With the best will in the world, sometimes planning applications don’t go the way you would like nor expect them to.
During the course of your planning application, there are various parties that are consulted along the way including highways, tree officers, conservation groups, neighbours, and other relevant departments relating to your proposals.
It is common to have queries, clarifications and sometimes objections raised during the consultation process, but this doesn’t necessarily mean that the planning officer dealing with your application will agree with the objections and refuse your project.
Objections and valid points of concern which are deemed relevant by the planning officer must be responded to and/or addressed. There are few ways to go about this >
- Attempt to deal with the issue raised whilst the application is running (by submitting amended drawings or further information if necessary)
- Withdraw and re-submit the application (usually making use of a free go within one year)
- Allow the application to continue and attempt to get it to planning committee
- Allow the application to continue to refusal and go down the appeal route
Often objections are raised quite late on during the process and time is always a challenge, especially these days.
If your plans need further changes or more information to support your scheme, time may be limited as the planning officer will need to re-distribute the amended plans and re-consult with the statutory consultees. Often an extension of time can be agreed to facilitate this.
If only minor amendments are required, then this is usually the best route to choose.
In addition, it might be appropriate to suggest that your permission is granted with a condition or conditions attached, meaning that the objection or issue is dealt with at a later stage. You would then need to go back to the council to tidy up the loose ends by submitting an application to discharge these conditions.
Withdraw and re-submit the planning application
It might be an option to consider withdrawing your plans if the amendments required are deemed substantial and you cannot make the necessary adjustments to your plans within the necessary timescales.
You can usually withdraw your application and resubmit within 12 months without having to pay any additional application fees.
This allows you to amend and resubmit your scheme, as long as the site and the nature of the proposals are predominantly the same, but clearly time can be lost going through the entire process again.
Having your application determined at planning committee can often be unpredictable as your plans are in the hands of planning committee members, who often have limited planning expertise, and where a simple majority vote determines the final decision.
Different councils also have different criteria and procedures as to which schemes go to committee and therefore it is useful to be aware of that.
However, this route can be beneficial for example if you have public or neighbour support for your proposals, or where believe your arguments in favour of the proposals outweigh the planning policies that are being cited as reasons for potential refusal.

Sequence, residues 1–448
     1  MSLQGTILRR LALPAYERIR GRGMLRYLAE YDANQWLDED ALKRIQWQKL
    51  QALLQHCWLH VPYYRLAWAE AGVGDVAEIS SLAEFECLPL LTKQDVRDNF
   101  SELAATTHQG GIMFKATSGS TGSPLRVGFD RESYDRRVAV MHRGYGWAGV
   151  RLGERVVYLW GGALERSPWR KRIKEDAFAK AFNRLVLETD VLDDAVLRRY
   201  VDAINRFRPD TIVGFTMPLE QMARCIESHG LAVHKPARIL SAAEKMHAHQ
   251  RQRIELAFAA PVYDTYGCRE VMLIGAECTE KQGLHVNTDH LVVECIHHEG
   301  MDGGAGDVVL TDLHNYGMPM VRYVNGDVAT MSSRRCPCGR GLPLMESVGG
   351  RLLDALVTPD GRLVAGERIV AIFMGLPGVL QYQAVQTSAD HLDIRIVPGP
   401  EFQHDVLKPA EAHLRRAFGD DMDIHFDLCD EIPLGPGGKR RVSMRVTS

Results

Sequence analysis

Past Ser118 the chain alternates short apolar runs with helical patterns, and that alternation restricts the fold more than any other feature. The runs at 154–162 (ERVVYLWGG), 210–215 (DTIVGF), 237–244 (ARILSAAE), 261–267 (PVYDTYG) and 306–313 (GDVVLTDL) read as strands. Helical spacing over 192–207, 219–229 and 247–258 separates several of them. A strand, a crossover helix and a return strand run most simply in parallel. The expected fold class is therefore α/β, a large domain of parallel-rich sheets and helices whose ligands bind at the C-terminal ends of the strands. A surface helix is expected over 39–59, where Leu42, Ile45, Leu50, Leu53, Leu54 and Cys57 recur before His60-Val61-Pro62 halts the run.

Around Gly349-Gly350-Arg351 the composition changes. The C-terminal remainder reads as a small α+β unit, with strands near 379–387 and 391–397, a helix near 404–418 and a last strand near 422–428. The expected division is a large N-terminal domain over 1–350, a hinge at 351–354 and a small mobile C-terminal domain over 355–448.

If this is the route you would like to go down, you should try to persuade your local councillor to ask for the application to go to committee. It is important to ensure that your councillor is supportive of your scheme and ideally that there is not too much local objection.
They are usually only too happy to discuss this with you before making a decision on whether they can help you with this.
Otherwise, it is only usually larger or more contentious applications that are heard at planning committee, and the planning authority usually decide which applications meet these criteria.
Accepting a refusal
As you would expect, many applicants prefer to avoid a refusal as this doesn’t look good on the planning record for the site or property.
Once you understand the exact reasons for refusal, you can look to address them – if you can, and you’re willing to, that is. Note that an appeal will only deal with the reasons for refusal cited on the decision notice – no new reasons or other matters are considered at this stage.
Appeals against refusals must be lodged to the independent inspectorate usually within 6 months of the council’s decision and this will be explained on the decision notice.
You can also appeal planning decisions made by planning committees, so do not be put off that route as often these are also often easier to appeal as decisions are not always made on sound planning policy grounds.
It is usually best to involve a Planning Consultant at this stage to review the refusal and see whether they consider there is a case that can be put forward and decent grounds for appeal.
Another strategy is to both appeal a refusal and submit an amended planning application at the same time. Both would be treated totally separately and be decided on their own merits, and this can save you time by giving you two chances of reaching an acceptable approval running concurrently.
At Fibre Architects, we pride ourselves on being fully committed and exploring all possible ways of achieving an acceptable approval for our clients, whatever hurdles are put before us.
Sometimes this includes involving other specialist consultants to address the issues, but it is rare that there is no or little chance of reaching some form of acceptable conclusion, albeit compromises may have to be made.
If you would like to find out more about the planning process, submitting an application or maybe your application has been refused, please reach out to us. We’d be more than happy to review any stalled or new projects and have an informal chat to advise on how best to move forward.